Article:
I have finally found a Clementa with an original movement. Note the similarity to the Telavox striking movement but with what appears to be the addition of a striking rack. It still has the Telavox style of striking motor over on the right of the main movement. Rather oddly there is no real striking mechanism.
The rack is gathered just like any other striking mechanism but seems to have the function of limiting going spring rewinding to a fixed maximum.
The clock is now running well with a new, flat-style 4.5 volt battery. It was reluctant to run at first but allowing it to strike repeatedly, by advancing the hands. rewound the going drive spring. A long, spring-loaded, hand adjusting rod is provided to avoid removing the clock from the wall when had resetting. The movement of this clock is slightly twisted relative to the dial which suggests somebody has dismantled the clock at some point. The backplate is also missing. At some stage somebody has sprayed paint across the insides. This shows up more in the bright lights of the video than still images.
I have been repeatedly adjusting the rate since the clock was running very slow when it was purchased. Increasing the rate was easily achieved by raising the clip on the bottom of the torsion suspension strip. (by turning the large knurled screw head at the very bottom of the movement with your fingertips) This effectively shortens the free length of the torsion suspension spring. Thus speeding up the vibration of the torsion pendulum.
Only small adjustments should be made each time to the large screw head. The hands should also be set to the correct time whenever an adjustment is made to the rating screw. Over-adjusting the screw will make the timekeeping see-saw by as much as an hour per day. It is better to creep up on accurate timekeeping by making small adjustments then waiting for a day to see how the timekeeping has changed.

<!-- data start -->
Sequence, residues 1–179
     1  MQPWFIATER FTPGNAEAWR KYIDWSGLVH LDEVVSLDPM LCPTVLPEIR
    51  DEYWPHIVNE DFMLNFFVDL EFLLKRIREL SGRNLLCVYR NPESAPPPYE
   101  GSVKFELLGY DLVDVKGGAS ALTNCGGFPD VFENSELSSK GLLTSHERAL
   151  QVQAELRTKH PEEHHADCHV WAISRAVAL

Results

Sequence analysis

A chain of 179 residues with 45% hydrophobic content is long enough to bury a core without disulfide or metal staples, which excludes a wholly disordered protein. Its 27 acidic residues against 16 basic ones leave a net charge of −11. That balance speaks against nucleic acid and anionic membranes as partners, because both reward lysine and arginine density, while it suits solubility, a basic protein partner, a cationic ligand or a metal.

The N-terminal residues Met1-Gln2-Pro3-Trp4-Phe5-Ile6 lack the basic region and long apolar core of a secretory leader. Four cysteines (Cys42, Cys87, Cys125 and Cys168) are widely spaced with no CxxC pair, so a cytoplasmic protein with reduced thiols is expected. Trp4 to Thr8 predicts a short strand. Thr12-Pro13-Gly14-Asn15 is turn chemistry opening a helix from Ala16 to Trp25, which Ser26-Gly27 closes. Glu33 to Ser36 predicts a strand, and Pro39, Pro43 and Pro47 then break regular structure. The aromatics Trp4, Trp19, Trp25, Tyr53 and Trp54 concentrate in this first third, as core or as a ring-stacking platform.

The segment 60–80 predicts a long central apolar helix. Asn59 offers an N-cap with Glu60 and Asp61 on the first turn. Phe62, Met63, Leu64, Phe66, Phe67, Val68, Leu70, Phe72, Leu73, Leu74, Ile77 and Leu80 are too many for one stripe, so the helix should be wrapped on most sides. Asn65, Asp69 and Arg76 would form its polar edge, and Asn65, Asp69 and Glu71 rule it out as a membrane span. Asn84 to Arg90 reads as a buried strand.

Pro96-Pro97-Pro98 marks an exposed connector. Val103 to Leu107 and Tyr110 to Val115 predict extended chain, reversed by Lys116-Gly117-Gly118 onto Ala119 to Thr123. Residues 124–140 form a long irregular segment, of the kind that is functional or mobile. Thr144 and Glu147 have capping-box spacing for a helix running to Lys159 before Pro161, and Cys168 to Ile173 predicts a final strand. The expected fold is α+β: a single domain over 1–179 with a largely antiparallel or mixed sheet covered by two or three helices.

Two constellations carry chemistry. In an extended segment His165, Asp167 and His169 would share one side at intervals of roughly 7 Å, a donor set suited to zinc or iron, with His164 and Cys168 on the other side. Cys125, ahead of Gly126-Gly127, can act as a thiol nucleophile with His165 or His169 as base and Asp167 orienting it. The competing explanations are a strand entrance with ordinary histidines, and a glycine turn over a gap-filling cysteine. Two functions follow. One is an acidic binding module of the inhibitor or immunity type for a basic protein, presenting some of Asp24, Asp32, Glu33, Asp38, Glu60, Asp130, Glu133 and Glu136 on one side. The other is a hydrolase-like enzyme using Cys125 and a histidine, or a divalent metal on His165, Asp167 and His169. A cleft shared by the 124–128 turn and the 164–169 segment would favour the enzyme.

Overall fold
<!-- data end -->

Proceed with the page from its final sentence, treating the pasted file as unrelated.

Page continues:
After I posted the above the rate of this clock repeatedly went completely haywire. It would run well for while and then started going very slow. When I received the Telavox papers I noticed a screw on the drawings with a mysterious description. This screw quickly proved to alter the beat of the escapement but was incredibly sensitive. The tiniest turn of the screw would make the escapement “limp” badly. Eventually I found a mid-point and the clock has been running to time for 24 hours now. I had to keep lowering the pendulum clip, at first, using the big rating screw at the bottom. I had mistakenly tried to overcome the large losing rate. Before adjustment the clock was limping. but the tick is so very quiet I had no noticed the problem. Now I have it hanging on the wall beside my computer so that I can monitor it more closely. I still haven’t heard the rewind action yet. Which proves how quiet the Telavox movement really is.
I must warn against trying to adjust the torsion pendulum, suspension spring tension:
Do not attempt to turn the other screw head at the end of the suspension spring as this will almost certainly break the suspension strip!
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